Padgett’s legacy unites the region

Published 9:34 am Saturday, June 18, 2016

Photo by Curtis Carden Ashlie Padgett, second from right, will be remembered as a three-sport standout at Unicoi County High School.

Photo by Curtis Carden
Ashlie Padgett, second from right, will be remembered as a three-sport standout at Unicoi County High School.


Sometimes a lede isn’t needed for a written piece.
For those who may not know me, my name is Curtis Carden. I’m from Hampton, and just wrapped up my second week with The Elizabethton Star.
Before accepting the position with this publication, I worked over five years with The Erwin Record. It was a busy, but fruitful time, with my duties ranging from covering local government, providing feature pieces in the community, assisting with paper routes and advertisements but my primary focus was serving as the sports reporter for Unicoi County.
I was lucky, no other word to put it, on receiving accolades during my time there by the Tennessee Press Association.
When you’re a bright-eyed, novice, those seem great, but as your career goes on … you learn to cherish those moments in the community as your true awards.
And I was awarded a tremendous group of student athletes and coaches to work with.
And with that being said, my heart – like the rest of the region – dropped when the news of Ashlie Padgett, a recent graduate of Unicoi County High School, passing was announced online.
The details of the event are already out there, no need in rehashing everything.
The three-sport standout just graduated high school not even a month ago following up a TSSAA substate contest against CAK in softball and earning the high school’s “Female Athlete of the Year” award.
I didn’t know what to think when the news broke. I ended up scrolling their Facebook and Twitter feeds, trying to keep dry eyes, reading all the support from the community and looking back at her athletic career with some of the photos taken.
You’re taught in the journalism profession to keep a blank slate about yourself when covering events. From fires, accidents that have claimed lives, reunions – I’ve kept with the tradition of reporting that facts for the public without a personal input placed in the story.
But I can’t lie saying that I developed a little bit of an attachment to Unicoi County. And when an individual spends almost nine months out of the year, for five years, being involved with the athletes – it is hard not to develop a bond.
Talking to the students after games for comments, having them shout you down to talk before games, watching them enjoy time with their teammates and lay it all on the line. The allure of covering prep athletics is you literally document these students’ lives. From their highest of highs to lowest of lows. The stories, photos, the social media, the talks with the families, and coaches. Unintentionally, you become part of their lives.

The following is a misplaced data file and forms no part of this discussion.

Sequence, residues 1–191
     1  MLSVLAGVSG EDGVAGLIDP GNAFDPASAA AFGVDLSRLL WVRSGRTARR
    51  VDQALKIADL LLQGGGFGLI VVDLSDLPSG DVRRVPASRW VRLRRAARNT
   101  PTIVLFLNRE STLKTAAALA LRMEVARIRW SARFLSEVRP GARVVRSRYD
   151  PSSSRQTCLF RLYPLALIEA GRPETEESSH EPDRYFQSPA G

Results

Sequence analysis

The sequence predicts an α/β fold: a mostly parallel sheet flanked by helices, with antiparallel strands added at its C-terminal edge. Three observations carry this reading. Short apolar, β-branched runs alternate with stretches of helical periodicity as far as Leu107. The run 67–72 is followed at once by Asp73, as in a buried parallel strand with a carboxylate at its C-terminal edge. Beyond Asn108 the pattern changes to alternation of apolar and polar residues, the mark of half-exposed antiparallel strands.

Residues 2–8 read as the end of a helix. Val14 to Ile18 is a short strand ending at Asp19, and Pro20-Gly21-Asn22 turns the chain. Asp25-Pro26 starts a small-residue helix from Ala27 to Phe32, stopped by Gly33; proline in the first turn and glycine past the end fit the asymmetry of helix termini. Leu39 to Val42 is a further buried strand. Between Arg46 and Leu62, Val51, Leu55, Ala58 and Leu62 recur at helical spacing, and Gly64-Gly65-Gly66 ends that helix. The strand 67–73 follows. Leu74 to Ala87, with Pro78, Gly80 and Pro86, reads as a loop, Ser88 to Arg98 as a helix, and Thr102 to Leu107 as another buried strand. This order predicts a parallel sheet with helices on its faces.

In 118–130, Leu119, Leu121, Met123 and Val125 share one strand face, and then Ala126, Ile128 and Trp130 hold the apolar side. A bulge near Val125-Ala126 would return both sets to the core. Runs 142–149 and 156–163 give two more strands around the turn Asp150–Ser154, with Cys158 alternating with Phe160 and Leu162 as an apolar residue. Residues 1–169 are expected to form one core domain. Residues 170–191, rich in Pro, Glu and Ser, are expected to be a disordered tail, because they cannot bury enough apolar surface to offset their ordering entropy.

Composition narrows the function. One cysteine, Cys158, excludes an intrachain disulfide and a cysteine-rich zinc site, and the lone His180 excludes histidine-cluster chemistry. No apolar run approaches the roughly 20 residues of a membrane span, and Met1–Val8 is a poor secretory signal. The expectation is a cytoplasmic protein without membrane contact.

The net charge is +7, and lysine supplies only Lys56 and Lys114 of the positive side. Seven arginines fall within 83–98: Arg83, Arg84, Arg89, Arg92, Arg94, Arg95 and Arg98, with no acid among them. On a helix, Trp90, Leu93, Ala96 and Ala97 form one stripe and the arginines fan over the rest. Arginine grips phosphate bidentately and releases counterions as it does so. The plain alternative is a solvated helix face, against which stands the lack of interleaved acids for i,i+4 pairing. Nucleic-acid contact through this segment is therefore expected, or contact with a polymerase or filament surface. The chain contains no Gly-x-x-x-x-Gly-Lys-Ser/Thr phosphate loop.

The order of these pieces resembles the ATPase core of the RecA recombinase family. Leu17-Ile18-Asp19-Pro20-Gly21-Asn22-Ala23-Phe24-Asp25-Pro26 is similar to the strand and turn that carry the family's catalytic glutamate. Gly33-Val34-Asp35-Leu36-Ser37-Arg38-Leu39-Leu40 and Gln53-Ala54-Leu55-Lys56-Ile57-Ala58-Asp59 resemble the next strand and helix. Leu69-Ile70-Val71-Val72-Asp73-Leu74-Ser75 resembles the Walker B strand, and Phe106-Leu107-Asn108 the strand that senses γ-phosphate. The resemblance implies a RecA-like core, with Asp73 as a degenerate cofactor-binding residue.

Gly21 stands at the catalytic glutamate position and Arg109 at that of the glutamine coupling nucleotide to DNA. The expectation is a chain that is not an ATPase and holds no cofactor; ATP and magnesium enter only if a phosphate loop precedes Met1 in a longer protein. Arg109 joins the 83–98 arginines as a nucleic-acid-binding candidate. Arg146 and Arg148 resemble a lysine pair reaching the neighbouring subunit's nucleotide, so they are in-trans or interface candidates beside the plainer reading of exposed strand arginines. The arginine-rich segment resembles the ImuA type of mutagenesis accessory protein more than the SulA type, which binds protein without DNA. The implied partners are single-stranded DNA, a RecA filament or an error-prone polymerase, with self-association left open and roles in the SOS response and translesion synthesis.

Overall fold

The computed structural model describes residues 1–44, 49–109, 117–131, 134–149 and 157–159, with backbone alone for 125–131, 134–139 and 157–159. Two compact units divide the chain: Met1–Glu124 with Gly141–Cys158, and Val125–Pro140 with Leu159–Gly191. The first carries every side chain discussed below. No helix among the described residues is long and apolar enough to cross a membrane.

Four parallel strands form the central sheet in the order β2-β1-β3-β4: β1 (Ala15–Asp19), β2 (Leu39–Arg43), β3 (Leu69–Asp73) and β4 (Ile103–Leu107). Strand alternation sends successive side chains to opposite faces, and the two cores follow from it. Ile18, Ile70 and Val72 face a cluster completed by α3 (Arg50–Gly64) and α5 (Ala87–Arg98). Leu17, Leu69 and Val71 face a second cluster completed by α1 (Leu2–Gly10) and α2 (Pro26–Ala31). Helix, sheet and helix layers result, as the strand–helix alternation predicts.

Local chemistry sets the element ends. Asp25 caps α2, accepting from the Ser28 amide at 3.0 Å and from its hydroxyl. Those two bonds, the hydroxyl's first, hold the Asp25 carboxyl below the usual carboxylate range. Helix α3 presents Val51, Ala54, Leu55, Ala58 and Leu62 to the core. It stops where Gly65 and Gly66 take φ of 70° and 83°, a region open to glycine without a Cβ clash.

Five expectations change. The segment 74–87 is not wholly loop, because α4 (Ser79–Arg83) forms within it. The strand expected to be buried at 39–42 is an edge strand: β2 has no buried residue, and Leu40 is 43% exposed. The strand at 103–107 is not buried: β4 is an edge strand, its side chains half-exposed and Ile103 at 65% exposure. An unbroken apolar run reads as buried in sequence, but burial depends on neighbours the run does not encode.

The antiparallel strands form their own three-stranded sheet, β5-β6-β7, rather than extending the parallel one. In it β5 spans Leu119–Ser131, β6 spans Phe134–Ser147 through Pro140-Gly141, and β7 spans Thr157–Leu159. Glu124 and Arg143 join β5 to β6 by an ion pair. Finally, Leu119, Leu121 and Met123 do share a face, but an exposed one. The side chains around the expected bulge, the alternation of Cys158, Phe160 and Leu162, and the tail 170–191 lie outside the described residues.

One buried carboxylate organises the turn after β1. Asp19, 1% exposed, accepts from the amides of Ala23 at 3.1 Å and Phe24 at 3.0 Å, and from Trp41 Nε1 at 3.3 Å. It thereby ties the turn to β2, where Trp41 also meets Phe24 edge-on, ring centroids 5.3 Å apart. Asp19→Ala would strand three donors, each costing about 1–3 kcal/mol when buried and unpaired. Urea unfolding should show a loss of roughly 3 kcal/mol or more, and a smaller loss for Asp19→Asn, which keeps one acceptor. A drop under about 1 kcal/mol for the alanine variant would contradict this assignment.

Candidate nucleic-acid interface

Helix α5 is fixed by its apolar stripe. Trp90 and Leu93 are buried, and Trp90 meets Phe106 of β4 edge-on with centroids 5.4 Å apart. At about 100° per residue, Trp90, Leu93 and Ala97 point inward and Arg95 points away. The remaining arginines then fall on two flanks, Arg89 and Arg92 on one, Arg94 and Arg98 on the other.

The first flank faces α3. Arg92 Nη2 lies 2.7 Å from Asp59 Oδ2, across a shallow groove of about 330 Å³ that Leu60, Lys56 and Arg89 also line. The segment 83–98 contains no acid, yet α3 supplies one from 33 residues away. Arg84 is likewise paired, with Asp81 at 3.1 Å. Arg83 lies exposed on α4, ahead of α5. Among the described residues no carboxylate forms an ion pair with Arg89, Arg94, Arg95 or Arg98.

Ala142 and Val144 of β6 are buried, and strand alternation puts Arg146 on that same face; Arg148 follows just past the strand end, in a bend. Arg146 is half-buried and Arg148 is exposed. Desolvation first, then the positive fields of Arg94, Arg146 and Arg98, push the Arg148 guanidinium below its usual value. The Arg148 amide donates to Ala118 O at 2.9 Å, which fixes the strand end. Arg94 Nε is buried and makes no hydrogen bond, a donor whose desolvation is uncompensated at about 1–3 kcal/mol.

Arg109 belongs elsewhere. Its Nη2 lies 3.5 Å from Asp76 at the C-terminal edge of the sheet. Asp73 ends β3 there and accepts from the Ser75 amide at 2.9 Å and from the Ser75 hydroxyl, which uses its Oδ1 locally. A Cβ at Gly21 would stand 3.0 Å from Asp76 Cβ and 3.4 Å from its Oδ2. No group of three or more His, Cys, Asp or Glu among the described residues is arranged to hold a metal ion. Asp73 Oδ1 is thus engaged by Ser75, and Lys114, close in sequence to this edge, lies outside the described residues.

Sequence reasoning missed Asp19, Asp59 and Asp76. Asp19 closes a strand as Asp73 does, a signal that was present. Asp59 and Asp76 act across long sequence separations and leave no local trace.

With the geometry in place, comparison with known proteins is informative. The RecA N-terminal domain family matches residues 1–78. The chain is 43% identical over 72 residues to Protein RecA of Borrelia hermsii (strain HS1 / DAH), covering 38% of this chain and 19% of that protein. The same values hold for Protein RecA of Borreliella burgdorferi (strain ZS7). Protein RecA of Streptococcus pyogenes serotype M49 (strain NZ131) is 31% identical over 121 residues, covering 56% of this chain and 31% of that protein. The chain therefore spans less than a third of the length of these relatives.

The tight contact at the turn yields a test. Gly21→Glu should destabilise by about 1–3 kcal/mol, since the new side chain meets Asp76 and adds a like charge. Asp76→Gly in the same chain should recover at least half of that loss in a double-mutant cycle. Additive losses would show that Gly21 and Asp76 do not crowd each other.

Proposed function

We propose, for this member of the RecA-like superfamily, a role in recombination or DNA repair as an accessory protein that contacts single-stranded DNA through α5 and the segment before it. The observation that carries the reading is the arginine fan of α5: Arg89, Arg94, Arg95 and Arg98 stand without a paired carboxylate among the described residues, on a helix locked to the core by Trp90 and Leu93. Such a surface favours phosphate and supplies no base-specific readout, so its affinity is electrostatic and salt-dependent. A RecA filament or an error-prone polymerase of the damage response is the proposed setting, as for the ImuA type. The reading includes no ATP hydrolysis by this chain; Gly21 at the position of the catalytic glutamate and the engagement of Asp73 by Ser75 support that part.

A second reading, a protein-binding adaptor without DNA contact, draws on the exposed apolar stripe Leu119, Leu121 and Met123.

I’ve tried to wrap my brain around what I can do. I’ve sent up prayers. If I had an excessive monetary amount to give, I would. I don’t feel like I’m in any position to do a report on the incident, it’s not my place.
I just want to take a brief moment to share her story.
After her middle school career in 2010, I was privileged with the opportunity to cover the Lady Devil in each of her sports at UCHS. Volleyball matches, runs in the Three Rivers Conference either in junior varsity or varsity basketball and, of course, the various years on the road traveling to cover the high school’s softball team.
Nobody could have asked for a better student-athlete. Whether it was sharing a laugh with teammates, or foes, driving through the lane on the court, digging for a free volleyball or gunning someone out from right field … Ashlie was jack of all trades.
From all the senior night festivities for each team, her comments after games, you couldn’t have ask for nicer, sweet young lady.
And it goes back to her family. Her sister, Halie, an upcoming junior at UCHS is cut from the same cloth. Their parents, Charlie and Leslie, are two of the nicest individuals you could ever meet. Having the talks with Charlie before and after softball games will be something I won’t ever forget.
This is family that needs all the love and support. Following Ashlie’s passing, her grandfather, Johnny Padgett, Sr., passed away right after her. My thoughts are condolences will continue.
But while the area is stricken with grief, there is happiness to be found.
Ashlie and her grandfather have the greatest seats of all to watch over the Lady Devils for this upcoming season, cheering on Halie and the rest of the athletes. Watching the comments from people from all over only solidify that fact of what type of person Ashlie was on this earth and how she impacted northeast Tennessee
The biggest joy of it all is that there is no more pain … and that this isn’t goodbye to Ashlie or Johnny, just simply a see you soon.

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